Dick Morris hails what he calls “an unparalleled act of political brilliance,” President Bush’s tax cut “compromise.”
Morris notes that ordinarily, one problem with passing landmark legislation is that you lose it as an issue. Here, because the tax cuts enacted this year are slated to expire in 2006, “Bush can send refund checks of $400 for each child to 25 million households this summer, slash the tax on dividends and capital gains to 15 percent and reduce tax rates on all three brackets – all effective immediately – and still be able to base his re-election campaign on the need to preserve his tax cuts.”
Morris’ theory is that, while the constituency for cutting taxes is a thin majority at best, the constituency for raising taxes is close to non-existent. His view is that in 2004, “every Democratic candidate will have to answer the question: ‘Will you support extending the Bush tax cut?'” The problem is that: “A ‘no’ will be required to win enough primary votes to get the nomination. But a ‘yes’ will be necessary to prevail in the general election. Bush has put the Democrats in an impossible position.”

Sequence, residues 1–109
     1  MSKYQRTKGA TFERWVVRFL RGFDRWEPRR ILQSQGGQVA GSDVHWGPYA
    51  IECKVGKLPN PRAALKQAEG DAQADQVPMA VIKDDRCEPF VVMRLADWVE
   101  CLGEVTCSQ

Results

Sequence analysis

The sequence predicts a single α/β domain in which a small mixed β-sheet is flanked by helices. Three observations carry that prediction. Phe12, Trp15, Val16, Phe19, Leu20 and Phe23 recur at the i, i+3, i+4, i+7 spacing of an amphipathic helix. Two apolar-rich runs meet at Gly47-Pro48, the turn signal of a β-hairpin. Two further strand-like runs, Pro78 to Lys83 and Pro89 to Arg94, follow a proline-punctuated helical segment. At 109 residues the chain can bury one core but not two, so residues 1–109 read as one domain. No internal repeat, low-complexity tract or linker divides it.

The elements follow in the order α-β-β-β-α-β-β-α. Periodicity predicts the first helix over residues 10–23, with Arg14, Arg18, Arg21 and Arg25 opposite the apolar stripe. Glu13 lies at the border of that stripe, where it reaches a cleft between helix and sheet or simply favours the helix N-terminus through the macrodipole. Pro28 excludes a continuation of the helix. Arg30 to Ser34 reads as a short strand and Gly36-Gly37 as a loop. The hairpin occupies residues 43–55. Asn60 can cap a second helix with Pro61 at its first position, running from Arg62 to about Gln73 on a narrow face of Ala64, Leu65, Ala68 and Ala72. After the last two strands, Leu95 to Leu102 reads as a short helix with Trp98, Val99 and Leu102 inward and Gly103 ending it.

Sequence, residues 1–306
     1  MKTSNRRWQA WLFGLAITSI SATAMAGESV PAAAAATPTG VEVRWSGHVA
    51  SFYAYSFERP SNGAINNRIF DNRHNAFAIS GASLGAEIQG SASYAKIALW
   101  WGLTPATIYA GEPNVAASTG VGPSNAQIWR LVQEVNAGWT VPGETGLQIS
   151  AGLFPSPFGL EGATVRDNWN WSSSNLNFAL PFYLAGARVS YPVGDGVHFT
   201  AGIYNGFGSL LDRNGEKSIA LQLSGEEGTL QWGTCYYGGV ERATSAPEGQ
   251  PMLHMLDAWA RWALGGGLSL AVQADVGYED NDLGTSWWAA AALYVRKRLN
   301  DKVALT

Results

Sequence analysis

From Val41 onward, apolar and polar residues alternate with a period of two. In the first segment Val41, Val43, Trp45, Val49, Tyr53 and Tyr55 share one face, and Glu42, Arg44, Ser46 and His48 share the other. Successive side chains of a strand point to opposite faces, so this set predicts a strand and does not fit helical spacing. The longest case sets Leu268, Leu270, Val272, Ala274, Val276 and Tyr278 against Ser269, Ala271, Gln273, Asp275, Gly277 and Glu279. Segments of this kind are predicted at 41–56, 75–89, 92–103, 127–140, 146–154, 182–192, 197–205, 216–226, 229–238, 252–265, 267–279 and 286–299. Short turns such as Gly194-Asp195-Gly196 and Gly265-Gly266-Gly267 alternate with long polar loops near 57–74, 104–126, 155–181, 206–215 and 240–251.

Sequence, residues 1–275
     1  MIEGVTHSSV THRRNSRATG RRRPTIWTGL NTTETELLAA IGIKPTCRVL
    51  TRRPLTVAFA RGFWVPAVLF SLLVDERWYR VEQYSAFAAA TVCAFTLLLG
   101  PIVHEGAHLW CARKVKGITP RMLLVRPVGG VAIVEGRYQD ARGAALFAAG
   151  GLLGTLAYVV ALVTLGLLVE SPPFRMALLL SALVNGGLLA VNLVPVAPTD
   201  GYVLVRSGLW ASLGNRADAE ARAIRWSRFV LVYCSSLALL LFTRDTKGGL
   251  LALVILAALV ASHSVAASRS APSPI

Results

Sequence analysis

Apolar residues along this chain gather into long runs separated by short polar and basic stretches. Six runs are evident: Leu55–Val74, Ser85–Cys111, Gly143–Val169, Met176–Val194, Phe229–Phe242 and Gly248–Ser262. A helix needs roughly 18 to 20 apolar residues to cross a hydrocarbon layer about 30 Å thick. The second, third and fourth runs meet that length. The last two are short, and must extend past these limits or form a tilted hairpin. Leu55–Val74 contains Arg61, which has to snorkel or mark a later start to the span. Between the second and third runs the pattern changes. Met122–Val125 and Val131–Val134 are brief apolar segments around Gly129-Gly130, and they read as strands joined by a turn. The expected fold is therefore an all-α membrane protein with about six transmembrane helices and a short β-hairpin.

Let’s hope he’s right. Via Real Clear Politics.
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